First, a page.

The King of Comedy (1982)
“Better to be King for a night than schmuck for a lifetime.”
Just when you think you know which Martin Scorsese film is his greatest, you’re reminded of another and then another. The King of Comedy isn’t as flashy and full of pop culture gangsters that the director, Robert DeNiro and Joe Pesci made cult heroes of. Could that be the reason I don’t often here it referenced when film geeks are talking about the director and his go to actor during the first half of his career behind the camera? Perhaps and while I’m not about to tell you that this magnificent film is his best, I sure as hell am not going to disagree with someone who puts forth an argument that it is.
The King of Comedy is that good and should be seen by one and all and not just because of the Scorsese – DeNiro connection but also due to the dynamite performances on screen from costars Jerry Lewis and Sandra Bernhard not to mention the film’s comment on the lunacy of fame.
DeNiro stars as Rupert Pupkin. An odd name to be sure that fits in with one of DeNiro’s oddest portrayals. As Pupkin, DeNiro yearns to emulate his hero, the world renowned comedian, Jerry Langford (Lewis). Lewis stars as a Johnny Carson type night show host and stand up comedian. Essentially he’s the king of comedy. When a chance meeting between the two occurs Lewis makes the mistake of offering up hope to the wanna be comedian that lives in DeNiro’s own private world. Lewis has essentially awakened a delusional stalker, albeit a gentle one of sorts. It’s Sandra Bernhard who Lewis should really be wary of. She’s right off her rocker as a woman who loves Lewis like no one else can. There are some amusing bits of poor Jerry giving us his classic run, legs from the knees down moving out to the side as he trots along the city streets in an effort to lose her. Seeing Lewis run does nothing but bring back fun memories of his many cartoonish characters from his past.
When DeNiro seems to be getting no response at the Lewis offices for his assured appearance (in his mind) as a standup comic on the Langford nightly show, he begins to spar with Jerry’s lead handler Shelley Hack to no avail. When a showdown occurs with Lewis at the star’s home, Lewis delivers a verbal tongue lashing that sends DeNiro over the edge of sanity leading to an ingenious plot that will result in kidnapping and his show business break.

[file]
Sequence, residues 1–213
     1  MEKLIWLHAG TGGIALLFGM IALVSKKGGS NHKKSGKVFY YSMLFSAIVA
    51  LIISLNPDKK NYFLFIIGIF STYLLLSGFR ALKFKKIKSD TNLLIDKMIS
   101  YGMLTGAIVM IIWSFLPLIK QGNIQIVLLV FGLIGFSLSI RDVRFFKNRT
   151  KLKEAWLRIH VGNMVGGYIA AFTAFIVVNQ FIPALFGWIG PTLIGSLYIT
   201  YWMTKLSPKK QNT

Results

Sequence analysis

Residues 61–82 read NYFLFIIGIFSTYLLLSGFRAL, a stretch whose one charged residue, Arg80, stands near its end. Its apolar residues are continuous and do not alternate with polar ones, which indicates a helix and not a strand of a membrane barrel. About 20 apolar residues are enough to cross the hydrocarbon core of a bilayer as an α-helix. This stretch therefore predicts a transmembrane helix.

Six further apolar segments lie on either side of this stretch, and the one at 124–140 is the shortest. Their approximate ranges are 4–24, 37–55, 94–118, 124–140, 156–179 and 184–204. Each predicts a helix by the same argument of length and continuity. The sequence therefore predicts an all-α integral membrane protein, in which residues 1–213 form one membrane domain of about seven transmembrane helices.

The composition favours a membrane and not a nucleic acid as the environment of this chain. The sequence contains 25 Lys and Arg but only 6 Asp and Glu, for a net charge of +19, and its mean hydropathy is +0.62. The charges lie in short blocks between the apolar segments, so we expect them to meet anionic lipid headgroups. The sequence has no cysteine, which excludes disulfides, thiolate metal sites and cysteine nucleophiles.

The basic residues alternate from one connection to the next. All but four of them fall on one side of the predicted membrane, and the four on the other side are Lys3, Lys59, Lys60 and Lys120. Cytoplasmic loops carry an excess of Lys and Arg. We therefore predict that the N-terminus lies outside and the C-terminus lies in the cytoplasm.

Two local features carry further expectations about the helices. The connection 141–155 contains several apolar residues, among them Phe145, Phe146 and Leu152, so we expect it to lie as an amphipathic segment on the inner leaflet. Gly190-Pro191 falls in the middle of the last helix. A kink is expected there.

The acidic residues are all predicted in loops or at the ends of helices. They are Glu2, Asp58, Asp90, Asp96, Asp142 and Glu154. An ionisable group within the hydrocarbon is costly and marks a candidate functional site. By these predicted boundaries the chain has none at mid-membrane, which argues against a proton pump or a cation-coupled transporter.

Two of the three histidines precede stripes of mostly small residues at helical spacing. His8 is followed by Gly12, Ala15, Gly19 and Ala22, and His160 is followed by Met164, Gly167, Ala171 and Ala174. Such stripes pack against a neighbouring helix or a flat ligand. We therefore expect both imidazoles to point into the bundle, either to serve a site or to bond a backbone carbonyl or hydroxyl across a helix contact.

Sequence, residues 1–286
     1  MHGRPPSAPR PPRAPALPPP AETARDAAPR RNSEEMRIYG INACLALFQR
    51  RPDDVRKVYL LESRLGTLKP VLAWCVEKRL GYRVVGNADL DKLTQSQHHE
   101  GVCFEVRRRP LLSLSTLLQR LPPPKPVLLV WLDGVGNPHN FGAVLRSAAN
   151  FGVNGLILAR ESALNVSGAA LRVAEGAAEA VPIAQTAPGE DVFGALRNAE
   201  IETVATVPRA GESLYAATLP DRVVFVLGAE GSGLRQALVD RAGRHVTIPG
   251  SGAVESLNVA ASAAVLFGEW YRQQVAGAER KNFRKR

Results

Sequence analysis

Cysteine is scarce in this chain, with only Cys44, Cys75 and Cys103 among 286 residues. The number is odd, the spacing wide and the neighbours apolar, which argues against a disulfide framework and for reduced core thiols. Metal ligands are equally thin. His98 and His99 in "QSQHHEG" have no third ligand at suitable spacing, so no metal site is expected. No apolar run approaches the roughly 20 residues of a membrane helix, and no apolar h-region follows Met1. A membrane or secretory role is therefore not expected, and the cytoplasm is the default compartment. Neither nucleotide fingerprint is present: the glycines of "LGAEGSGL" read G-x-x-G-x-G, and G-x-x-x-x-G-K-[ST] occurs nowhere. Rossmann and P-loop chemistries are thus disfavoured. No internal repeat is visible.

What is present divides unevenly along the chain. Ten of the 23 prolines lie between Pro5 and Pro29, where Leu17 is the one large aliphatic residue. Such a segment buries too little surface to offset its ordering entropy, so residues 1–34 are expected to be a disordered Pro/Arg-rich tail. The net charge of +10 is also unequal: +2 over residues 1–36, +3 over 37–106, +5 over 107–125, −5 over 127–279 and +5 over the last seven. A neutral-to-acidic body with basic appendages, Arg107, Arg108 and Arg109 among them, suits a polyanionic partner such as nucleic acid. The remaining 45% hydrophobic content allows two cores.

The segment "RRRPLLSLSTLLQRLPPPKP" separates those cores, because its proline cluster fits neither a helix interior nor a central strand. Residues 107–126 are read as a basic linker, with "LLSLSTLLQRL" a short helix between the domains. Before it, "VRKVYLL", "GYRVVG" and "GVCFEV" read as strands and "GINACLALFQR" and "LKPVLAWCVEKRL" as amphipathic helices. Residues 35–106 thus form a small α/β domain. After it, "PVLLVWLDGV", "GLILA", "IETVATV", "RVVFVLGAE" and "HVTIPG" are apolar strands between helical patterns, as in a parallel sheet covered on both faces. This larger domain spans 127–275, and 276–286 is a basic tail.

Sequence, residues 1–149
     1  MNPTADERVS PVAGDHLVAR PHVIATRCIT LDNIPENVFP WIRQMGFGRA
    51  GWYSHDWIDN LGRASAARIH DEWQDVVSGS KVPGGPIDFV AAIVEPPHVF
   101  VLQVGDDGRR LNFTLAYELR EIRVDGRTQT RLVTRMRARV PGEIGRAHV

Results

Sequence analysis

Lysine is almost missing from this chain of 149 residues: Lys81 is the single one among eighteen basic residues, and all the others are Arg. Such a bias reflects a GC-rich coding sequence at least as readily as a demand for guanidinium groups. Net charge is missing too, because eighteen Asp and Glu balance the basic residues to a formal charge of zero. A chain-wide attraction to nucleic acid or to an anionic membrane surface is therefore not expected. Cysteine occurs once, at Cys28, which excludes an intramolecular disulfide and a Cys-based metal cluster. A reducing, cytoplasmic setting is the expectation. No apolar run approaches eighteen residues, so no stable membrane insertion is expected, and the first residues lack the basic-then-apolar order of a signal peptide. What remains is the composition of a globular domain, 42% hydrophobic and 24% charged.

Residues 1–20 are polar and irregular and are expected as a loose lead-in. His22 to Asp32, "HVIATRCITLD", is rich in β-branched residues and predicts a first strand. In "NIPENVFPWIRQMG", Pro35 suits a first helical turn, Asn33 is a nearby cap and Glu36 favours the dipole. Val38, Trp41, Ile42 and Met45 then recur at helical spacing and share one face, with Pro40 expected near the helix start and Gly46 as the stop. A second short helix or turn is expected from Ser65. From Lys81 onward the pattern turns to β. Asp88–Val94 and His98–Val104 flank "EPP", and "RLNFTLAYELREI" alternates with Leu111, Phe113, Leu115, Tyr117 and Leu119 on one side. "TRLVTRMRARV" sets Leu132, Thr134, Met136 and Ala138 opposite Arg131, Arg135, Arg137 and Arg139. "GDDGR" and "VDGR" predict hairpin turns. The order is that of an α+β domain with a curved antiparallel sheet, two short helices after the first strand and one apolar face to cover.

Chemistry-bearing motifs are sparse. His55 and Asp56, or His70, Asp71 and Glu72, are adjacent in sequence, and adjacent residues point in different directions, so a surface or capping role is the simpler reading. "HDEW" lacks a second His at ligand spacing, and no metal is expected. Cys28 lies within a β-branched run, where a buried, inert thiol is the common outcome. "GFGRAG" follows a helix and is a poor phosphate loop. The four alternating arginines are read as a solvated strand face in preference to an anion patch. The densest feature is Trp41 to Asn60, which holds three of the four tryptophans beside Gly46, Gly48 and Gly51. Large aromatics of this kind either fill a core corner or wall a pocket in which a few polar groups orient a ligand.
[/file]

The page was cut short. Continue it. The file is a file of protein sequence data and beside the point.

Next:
DeNiro as Pupkin, “I’m gonna work 50 times harder, and I’m gonna be 50 times more famous than you. “
Lewis as Langford responds, “Then you’re gonna have idiots like you plaguing your life! “
I prefer to be a bit vague on the finer plot details in hopes that you’ll seek out this rare Scorsese film to see if you agree with me that it’s really an outstanding film with performances to match. The way the film evolves in both reality and the fantasy world of DeNiro meshes together wonderfully, keeping us on our toes to decipher what might be real and what isn’t. I’m still scratching my head when it comes to the fade out. Is what we’re seeing reality or what DeNiro is experiencing in his world of dreams?
One can approach the film from different viewpoints on what genre it fits into. Drama? Comedy? How about a thriller because as far as Jerry Lewis is concerned, he’s having no fun when DeNiro and Bernhardt decide to get serious with their fan worshipping. I think I’ve come away from the film appreciating it in all respects. Not having seen it in years at one point, I found it truly disturbing where as this time I was laughing up a storm with number two son Kirk who wanted to experience the film for the first time. We live in a household of Jerry Lewis fans so to see Jerry pulling some of his antics in DeNiro’s fantasy land can tickle the funny bone.
Having no idea what Jerry Lewis is like in real life, I think this is a rare performance by an actor in that it gave people what they believed was an insight into what the iconic comedian was like behind the scenes. Art imitating life. Some of Jerry’s press releases through the years probably didn’t help separate Langford and Lewis either. It’s an unfair situation but Lewis comes across so dynamically that he’s totally believable and if memory serves, there was talk of an Oscar nomination back in the day. Riding on his performance here, Lewis could very easily have branched off into a world of dramatic films and for my money could easily have convinced me he was some sort of mobster in the next Scorsese gangster film, Goodfellas.
When this film hit theaters, I was in line on opening night and hate to admit it but I came away disappointed at the time. I was a little too young to fully understand the film and it’s awkward story telling to a youngster who wasn’t yet old enough to drive. All I knew was that the great DeNiro was making a movie with a comedy legend who I grew up with and watched yearly on the Labor Day Telethon in what was obviously a laugh out loud comedy. The title said so.
Years later I’ve seen the film a number of times and come away appreciating it more and more each time. Have you seen it? Do you think Lewis steals the show from the unorthodox DeNiro or flashy Sandra? Where does this rank on the list of Scorsese accomplishments? Considering this was a box office failure at the time of it’s release, will it somehow join the ranks of other films that disappointed initially to become a classic with the passage of time?
If you’re telling me you haven’t seen it, then get at it! These guys are still laughing……